New figures from Superintendent of Public Instruction Tom Luna shows that Idaho could save $15.3 million a year in state funding by consolidating the state’s 115 school districts to match the boundaries of the state’s 44 counties. Most of that savings, $11.7 million, would come from consolidating districts in seven counties with multiple school districts. Those estimates come from the current year of school spending. The state is spends more than $1.2 billion on public schools, so consolidation would save approximately 1 percent of state school spending.
Luna told Idaho senators Wednesday that he doesn’t want the state to require districts to merge. “I do not support forced consolidation,” he said. “I have respect for local control.” He said that many smaller districts are wary of consolidation. “When I go into our small rural districts, the fear of consolidation is higher,” he said. “Most everybody believes that Idaho should consolidate, but just not their district.” While school consolidation has been a popular topic of questions for Luna, lawmakers have taken no action on consolidation this session.
Luna said the overall savings of consolidation may not be as large as some people would expect because while Idaho has a larger number of school district than some of its neighbors, the state is spending less on administrative costs than surrounding states. Idaho’s 115 districts are more than Nevada, Wyoming, and Utah combined, but Wyoming pays almost twice as much on school administration, per student. “There is not a big financial savings that some people intuitively assume would be there.”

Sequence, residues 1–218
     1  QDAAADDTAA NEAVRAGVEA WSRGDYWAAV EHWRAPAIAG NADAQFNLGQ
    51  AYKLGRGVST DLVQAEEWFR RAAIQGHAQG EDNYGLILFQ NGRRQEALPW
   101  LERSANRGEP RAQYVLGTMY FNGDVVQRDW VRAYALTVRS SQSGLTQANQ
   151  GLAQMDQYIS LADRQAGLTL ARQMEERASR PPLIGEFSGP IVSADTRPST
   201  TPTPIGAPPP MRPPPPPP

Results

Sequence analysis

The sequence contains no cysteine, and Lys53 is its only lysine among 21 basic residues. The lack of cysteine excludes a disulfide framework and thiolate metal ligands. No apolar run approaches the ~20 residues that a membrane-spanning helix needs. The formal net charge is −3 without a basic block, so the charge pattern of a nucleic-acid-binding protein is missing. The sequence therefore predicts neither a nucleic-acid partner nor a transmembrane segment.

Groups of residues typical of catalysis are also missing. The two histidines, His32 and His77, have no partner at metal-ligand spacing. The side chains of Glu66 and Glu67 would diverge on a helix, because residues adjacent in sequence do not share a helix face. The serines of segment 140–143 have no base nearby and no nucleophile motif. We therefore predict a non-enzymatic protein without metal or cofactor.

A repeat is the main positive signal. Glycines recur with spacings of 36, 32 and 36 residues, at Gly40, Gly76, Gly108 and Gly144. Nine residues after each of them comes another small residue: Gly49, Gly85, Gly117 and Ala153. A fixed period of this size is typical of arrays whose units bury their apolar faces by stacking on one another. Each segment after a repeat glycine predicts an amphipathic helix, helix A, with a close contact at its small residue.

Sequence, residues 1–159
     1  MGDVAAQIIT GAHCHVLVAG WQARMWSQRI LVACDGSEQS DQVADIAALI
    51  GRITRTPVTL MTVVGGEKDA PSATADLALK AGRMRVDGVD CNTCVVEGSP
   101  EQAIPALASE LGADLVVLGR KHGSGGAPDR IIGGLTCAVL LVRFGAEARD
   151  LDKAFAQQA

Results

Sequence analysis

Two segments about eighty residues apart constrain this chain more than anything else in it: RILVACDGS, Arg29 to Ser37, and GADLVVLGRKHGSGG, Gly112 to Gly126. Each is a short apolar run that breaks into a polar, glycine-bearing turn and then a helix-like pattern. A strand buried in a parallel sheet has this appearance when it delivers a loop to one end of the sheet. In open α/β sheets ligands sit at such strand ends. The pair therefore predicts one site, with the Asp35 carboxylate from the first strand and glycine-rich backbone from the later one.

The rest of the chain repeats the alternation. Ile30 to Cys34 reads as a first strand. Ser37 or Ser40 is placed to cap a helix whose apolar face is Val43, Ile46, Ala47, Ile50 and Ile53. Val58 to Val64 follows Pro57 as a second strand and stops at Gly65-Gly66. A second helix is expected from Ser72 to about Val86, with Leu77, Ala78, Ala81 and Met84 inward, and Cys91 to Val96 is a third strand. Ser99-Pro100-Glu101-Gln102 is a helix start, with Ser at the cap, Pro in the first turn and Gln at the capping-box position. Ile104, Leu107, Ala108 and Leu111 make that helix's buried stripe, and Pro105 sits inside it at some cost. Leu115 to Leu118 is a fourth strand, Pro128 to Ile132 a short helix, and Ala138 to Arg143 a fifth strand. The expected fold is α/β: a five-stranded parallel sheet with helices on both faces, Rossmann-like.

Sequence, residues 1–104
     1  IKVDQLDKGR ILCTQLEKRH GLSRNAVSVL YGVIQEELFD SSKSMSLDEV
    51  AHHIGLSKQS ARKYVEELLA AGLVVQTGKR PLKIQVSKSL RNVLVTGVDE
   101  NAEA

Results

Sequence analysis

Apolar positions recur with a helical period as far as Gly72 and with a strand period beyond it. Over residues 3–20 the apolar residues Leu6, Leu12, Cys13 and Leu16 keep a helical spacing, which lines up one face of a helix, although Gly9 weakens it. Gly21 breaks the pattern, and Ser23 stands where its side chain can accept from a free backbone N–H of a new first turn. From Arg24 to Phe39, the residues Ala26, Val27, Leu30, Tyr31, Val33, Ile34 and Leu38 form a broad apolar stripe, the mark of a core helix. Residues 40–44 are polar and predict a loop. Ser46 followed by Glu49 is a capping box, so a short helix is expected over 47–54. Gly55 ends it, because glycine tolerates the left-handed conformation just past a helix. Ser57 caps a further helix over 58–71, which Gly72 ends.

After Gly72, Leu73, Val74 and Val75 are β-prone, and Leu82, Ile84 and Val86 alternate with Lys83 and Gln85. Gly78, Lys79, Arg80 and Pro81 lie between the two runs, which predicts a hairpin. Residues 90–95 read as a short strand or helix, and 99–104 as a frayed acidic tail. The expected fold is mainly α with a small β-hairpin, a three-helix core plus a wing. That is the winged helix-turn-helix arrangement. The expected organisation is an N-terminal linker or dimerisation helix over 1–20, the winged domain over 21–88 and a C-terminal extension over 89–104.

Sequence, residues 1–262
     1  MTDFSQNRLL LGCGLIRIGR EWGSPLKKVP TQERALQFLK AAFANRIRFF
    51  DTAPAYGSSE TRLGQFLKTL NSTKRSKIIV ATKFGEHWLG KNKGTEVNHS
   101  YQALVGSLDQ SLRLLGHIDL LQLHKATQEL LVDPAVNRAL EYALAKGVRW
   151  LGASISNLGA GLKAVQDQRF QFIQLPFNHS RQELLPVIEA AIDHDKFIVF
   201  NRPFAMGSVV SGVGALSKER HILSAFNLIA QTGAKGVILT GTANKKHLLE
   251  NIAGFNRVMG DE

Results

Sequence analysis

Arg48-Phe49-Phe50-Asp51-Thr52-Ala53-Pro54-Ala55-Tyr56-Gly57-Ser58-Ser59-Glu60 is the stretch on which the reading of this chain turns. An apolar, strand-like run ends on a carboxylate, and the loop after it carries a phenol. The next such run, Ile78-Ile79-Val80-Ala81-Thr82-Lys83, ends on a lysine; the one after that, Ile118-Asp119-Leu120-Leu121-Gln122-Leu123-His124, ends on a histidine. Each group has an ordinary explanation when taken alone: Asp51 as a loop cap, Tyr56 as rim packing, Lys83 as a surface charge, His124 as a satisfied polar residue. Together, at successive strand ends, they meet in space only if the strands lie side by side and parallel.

The $15 million the Idaho State Department of Education identifies in savings comes from merging districts within a county and calculating the reduction in school support units, which is the department’s measure of students in a district that determines state funding. Support units are similar to the number of classrooms in a district. Larger school districts have more students in a support unit, while smaller districts are allowed fewer students in a support unit. That disparity in funding is called a sparsity factor.
The counties that could save the most by merging all their districts are Twin Falls, Gooding, Canyon, Payette, Bingham, and Lincoln, accord to the education department figures. Besides the sparsity factor, rural counties also wouldn’t see a reduction in support for isolated schools. “If schools are really far away, they don’t get as much support, historically, from the central district,” said Jason Hancock, the education department’s deputy chief of staff. “You don’t have those economies of scale in a remote location.” Hancock added that new technologies could bridge that distance. New legislation would be needed to change the funding formula for state money going to local school districts.
Luna said he favors encouraging districts to work across district lines and share services like technology support, human resources, and administrative services.
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